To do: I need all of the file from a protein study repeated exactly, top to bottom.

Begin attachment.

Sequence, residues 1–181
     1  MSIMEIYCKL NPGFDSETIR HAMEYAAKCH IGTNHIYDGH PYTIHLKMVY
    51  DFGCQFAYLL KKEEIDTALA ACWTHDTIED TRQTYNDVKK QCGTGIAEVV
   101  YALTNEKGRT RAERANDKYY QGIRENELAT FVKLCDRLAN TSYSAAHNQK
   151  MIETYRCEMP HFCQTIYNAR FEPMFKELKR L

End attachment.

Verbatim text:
Sequence, residues 1–181
     1  MSIMEIYCKL NPGFDSETIR HAMEYAAKCH IGTNHIYDGH PYTIHLKMVY
    51  DFGCQFAYLL KKEEIDTALA ACWTHDTIED TRQTYNDVKK QCGTGIAEVV
   101  YALTNEKGRT RAERANDKYY QGIRENELAT FVKLCDRLAN TSYSAAHNQK
   151  MIETYRCEMP HFCQTIYNAR FEPMFKELKR L